The Project

CASTELLANO supports the ethnic communities in Colombia who seek to preserve their weaving skills and cultural heritage. Our aim is to help improve the living conditions for the traditional weavers, their families and the community, with an emphasis on clean water, electricity and education.

We collaborate with the INDIGENOUS WOMEN’S ASSOCIATION, and we work directly with Wayuu and Arhuaca women whose handmade mochilas and bracelets are second to none.  

With donations from every CASTELLANO sale we support social projects in the community, and bring employment to the highly skilled weavers in the north of Colombia, enabling them to preserve their way of life and tell their story through the patterns and colours they weave, each mochila or bracelet unique in its own right.

This page is dedicated to raise awareness of the human side of CASTELLANO products, and their origin. We aim to share information and knowledge about the history and culture of the Wayuu and Arhuaca indigenous tribes. In the blog “news section” we will post stories of the weavers and their lives, and our time spent with the tribes, both in the unforgiving northern desert and the colourful mountains of Colombia.

Welcome to the world of the Wayuu and Arhuaca communities.                                                                                  

The Wayuu   The Arhuaca                               


The Wayuu people are an ethnic group from the La Guajira Peninsula in northern Colombia and northwest Venezuela. In Colombia, the Wayuu live in the Guajira desert straddling the Caribbean coast. The Wayuu have their own language called Wayuunaiki. It is part of the Arawak language predominant in different parts of the

Caribbean. The Wayuu not only produce one of the most intricate crochet and textile techniques in the world, but they are also known for preserving their rituals and heritage.  There is a huge background of the Wayu culture that expands beyond its colourful Mochilas bags, beautiful hammocks, rare shrouds and the Si’ira, which keeps the male loincloth in place! 



The arrival of the Wayuu in the Guajira region dates back to a period long before the Spanish conquest. It is likely that the Indians fled to the peninsula after being driven out of an area that was more fertile and rich in water. During the 16th century the Spaniards made attempts to colonise the Guajira. The Indians put up a strong fight and became known as a fierce tribe. By the 17th century the Spanish occupiers had all but withdrawn, leaving a few missionaries and, of more importance to the Indians, a lot of cows, sheep, goats, donkeys and horses behind.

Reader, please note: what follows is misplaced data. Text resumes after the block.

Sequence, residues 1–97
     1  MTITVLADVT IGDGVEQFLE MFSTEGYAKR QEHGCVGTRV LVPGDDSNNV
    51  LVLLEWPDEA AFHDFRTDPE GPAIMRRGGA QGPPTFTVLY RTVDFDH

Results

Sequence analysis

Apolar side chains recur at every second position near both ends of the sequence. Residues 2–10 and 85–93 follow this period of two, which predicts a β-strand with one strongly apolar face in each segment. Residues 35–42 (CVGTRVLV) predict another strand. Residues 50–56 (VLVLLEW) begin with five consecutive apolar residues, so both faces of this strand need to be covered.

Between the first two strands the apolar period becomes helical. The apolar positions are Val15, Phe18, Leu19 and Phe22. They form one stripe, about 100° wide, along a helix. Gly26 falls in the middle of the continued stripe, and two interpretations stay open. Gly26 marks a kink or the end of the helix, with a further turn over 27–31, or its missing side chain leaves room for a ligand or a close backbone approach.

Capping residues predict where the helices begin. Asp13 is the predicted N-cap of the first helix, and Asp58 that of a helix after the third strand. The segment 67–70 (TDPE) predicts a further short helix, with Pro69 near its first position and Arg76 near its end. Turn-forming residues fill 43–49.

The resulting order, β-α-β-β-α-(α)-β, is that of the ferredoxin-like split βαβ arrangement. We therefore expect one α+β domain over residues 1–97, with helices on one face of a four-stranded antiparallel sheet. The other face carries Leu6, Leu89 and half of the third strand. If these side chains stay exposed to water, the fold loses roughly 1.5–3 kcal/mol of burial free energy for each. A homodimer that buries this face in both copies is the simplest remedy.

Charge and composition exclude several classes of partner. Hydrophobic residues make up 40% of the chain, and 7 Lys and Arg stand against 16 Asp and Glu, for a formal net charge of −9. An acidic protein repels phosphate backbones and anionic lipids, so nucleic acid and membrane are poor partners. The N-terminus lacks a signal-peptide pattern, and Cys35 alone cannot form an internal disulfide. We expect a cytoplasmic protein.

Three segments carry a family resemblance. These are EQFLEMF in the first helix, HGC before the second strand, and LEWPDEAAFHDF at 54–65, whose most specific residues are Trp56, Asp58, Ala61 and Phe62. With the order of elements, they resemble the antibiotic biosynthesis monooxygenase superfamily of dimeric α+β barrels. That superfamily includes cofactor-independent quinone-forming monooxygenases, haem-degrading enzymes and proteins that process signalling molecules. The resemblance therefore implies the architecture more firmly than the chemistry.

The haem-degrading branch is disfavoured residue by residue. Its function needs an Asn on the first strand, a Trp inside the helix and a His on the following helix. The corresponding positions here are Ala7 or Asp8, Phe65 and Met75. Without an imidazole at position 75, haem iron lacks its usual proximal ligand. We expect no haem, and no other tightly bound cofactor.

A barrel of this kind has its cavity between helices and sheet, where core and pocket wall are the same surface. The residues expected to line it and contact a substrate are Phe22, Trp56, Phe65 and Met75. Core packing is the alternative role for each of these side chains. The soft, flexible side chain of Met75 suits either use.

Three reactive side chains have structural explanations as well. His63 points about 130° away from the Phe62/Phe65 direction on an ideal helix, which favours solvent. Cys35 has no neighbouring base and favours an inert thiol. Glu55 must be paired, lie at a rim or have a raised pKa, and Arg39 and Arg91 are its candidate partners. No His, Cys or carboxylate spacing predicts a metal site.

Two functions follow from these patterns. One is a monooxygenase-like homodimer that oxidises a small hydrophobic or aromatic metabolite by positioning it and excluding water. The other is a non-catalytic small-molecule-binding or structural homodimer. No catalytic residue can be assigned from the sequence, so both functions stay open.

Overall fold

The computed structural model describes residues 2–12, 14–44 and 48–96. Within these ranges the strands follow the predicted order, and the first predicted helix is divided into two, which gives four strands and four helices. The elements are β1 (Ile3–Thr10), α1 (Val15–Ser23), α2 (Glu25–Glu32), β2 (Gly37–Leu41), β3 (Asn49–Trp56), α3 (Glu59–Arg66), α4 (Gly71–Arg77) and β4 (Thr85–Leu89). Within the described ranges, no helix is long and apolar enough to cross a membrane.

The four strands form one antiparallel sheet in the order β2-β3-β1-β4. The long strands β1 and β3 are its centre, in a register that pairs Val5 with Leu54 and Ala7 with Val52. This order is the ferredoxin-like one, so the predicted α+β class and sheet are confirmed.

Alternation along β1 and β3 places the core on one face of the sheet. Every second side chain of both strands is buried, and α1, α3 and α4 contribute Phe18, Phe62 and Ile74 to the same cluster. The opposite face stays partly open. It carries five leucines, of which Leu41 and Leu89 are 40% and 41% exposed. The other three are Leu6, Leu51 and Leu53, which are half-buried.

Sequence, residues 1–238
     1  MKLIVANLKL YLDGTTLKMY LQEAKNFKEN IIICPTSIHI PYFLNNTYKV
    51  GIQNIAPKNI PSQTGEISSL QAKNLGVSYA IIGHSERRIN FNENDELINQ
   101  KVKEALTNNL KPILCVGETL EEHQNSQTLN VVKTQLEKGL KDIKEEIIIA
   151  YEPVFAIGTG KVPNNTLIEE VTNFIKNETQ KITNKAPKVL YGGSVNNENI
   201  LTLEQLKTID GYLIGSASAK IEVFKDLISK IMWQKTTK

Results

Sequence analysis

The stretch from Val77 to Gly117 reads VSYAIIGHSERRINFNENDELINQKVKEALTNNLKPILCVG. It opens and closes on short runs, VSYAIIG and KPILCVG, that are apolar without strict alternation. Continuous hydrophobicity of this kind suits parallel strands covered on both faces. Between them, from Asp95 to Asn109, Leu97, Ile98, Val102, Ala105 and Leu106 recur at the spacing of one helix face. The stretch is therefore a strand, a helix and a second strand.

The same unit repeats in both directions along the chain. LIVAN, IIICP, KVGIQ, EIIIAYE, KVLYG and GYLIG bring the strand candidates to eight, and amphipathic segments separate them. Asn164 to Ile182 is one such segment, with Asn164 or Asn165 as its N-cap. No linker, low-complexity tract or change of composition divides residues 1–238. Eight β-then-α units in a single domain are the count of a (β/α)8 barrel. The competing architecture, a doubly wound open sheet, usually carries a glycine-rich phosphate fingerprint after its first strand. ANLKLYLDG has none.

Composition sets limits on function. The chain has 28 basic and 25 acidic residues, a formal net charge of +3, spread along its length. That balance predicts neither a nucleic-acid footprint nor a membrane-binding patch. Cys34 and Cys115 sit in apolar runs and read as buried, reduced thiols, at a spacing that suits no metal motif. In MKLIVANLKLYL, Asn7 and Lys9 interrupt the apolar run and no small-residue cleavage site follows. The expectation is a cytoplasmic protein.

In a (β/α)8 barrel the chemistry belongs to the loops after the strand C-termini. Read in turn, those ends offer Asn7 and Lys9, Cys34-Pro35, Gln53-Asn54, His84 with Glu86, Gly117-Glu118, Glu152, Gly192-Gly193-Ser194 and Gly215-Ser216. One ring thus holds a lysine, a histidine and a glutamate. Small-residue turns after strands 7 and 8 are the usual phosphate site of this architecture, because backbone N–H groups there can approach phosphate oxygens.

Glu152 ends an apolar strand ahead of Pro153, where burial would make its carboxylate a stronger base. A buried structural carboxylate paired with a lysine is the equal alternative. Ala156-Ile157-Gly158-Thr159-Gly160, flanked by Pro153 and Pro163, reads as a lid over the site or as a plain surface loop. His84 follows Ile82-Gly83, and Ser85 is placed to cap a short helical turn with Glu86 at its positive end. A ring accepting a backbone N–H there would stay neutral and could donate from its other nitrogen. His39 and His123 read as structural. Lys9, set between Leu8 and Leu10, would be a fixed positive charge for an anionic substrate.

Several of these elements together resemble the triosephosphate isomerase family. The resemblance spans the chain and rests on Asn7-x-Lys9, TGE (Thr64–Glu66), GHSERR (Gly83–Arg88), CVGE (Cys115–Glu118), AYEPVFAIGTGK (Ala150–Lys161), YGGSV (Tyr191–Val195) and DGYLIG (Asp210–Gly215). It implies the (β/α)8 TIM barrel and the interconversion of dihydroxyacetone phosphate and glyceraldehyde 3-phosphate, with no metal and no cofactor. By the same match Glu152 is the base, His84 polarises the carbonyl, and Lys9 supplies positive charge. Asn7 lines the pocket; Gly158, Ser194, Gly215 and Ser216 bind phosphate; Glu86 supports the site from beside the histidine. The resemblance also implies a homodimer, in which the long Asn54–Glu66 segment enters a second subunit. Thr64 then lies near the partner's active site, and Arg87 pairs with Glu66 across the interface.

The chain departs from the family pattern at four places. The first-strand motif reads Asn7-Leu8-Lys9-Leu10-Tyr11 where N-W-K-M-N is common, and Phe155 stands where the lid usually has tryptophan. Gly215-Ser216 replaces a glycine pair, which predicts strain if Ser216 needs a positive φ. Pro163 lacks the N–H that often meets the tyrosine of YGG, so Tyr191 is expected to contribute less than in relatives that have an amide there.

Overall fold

A “Ranchería” refers to a small, rural settlement of huts in the Alta Guajira where families of different clans live. The Wayuu people sleep in hammocks and cook in saucepans that are usually suspended from hooks under the roof of a hut. The Wayuu women rise before dawn, light a wood fire and start preparing coffee. The native Wayuu only eat twice a day. The last meal of the day usually consists of “Yucca”, rice or pasta with goat, mutton or grated cheese, with fried bananas (platano) as a standard side dish. To drink there is a mug of “chicha” (a fermented corn drink). Everyone eats with his or her fingers.  The household chores are done in the early morning: later preparing food and the grinding of corn for “chicha”, a fermented corn drink which forms an important addition to the meals.

Some, but not all of the children, in la Guajira attend a small government school up to an hour's walk away. 


In La Guajira there is no running water or electricity. 

The Wayuu people have developed a lifestyle geared to survival in the arid wilderness of the Peninsula. It is a society with a complex social structure and traditions, which have evolved from their unique circumstances.

In the past the Wayuu economy was based on bartering goods and services. Fishing and agriculture was the main source of income, but persistent droughts in recent times have made it impossible to grow sufficient crops. Nowadays, the Wayuu have little option but to sell their crafts in order to provide for their needs as the droughts and poor return on farming coupled with the increase in demand for their handmade ethnic weaves.